Upon arriving back at the priory from my Ancient Philosophy class, I was greeted by the delicious aroma of bratwursts and sauerkraut being prepared for dinner. It must be November 15, the feast day of St. Albert the Great.
St. Albert was a 13th century Dominican friar and bishop from Germany (thus the bratwursts). He is renowned for his extensive philosophical and theological writings, and for instructing St. Thomas Aquinas. St. Albert also made important scientific contributions.
At the time, the leading scientific authority was Aristotle, who lived 1500 years earlier. It is hard to believe science could not advance at all in 1500 years. Instead of simply studying Aristotle as others had, Albert employed a novel method: he studied physical nature through observation rather than through a book. He actually went outside to observe nature and dissect plants and animals. Albert became renowned throughout Europe for his encyclopedic knowledge of both theology and science. He was even called “the Great” during his own lifetime.
For Albert, science is a path to God. The Lord created the universe and devised all sorts of fantastic mechanisms, and he now permits us to study and understand them. Creation is a beautiful piece of living art with God’s fingerprints all over it, molding and shaping nature. Science can never be in conflict with the faith. If it ever seems to be, it is only due to our own ignorance.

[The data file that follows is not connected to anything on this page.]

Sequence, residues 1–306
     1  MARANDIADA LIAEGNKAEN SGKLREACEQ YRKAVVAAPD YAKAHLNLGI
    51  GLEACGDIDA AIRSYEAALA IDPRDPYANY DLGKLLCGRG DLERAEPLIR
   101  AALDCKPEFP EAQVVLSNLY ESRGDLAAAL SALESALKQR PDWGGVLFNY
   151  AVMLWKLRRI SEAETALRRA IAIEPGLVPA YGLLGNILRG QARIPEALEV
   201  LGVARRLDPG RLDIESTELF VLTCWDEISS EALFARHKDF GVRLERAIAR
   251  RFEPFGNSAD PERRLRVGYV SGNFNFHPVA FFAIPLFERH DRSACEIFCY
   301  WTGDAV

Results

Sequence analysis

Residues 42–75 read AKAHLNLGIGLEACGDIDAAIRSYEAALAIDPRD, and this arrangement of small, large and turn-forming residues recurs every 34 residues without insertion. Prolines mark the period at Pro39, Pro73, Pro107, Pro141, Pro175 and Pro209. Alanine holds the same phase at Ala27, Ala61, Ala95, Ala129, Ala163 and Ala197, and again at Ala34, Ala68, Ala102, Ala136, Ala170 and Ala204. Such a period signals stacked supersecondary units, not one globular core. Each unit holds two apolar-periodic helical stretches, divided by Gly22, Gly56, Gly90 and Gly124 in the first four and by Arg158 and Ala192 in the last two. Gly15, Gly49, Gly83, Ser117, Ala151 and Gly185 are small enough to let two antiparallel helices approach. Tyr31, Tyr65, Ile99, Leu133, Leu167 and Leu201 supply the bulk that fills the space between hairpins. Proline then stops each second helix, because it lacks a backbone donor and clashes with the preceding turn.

In his encyclical Providentissimus Deus on the study of scripture, Pope Leo XIII quoted St. Augustine:
“Whatever [scientists] can really demonstrate to be true of physical nature, we must show to be capable of reconciliation with our Scriptures; and whatever they assert in their treatises which is contrary to these Scriptures of ours, that is to Catholic faith, we must either prove it as well as we can to be entirely false, or at all events we must, without the smallest hesitation, believe it to be so.”
This is something Albert would undoubtedly affirm. Scripture is a creation from the Divine; nature, too, is a creation from the Divine, although in a different way. Neither can contradict the other, and both should be able to lead us to the Author of all.
As a physics major in college, I saw my studies as a way to meet God in his creation. A friend once asked how I reconcile my faith with science. The answer is that no reconciliation is needed, although we may occasionally need to rethink certain ideas.
It was St. Albert and his passion for science that originally drew me to the Order of Preachers. Along with St. Albert, the Catholic Church has other great scientists, such as Fr. Georges Lemaître, who proposed the Big Bang Theory; and Fr. Gregor Mendel, who founded modern genetics. I hope to continue St. Albert’s mission of uniting faith and reason, of studying God through all available avenues, and of showing other people that our faith is relevant in every domain of human life.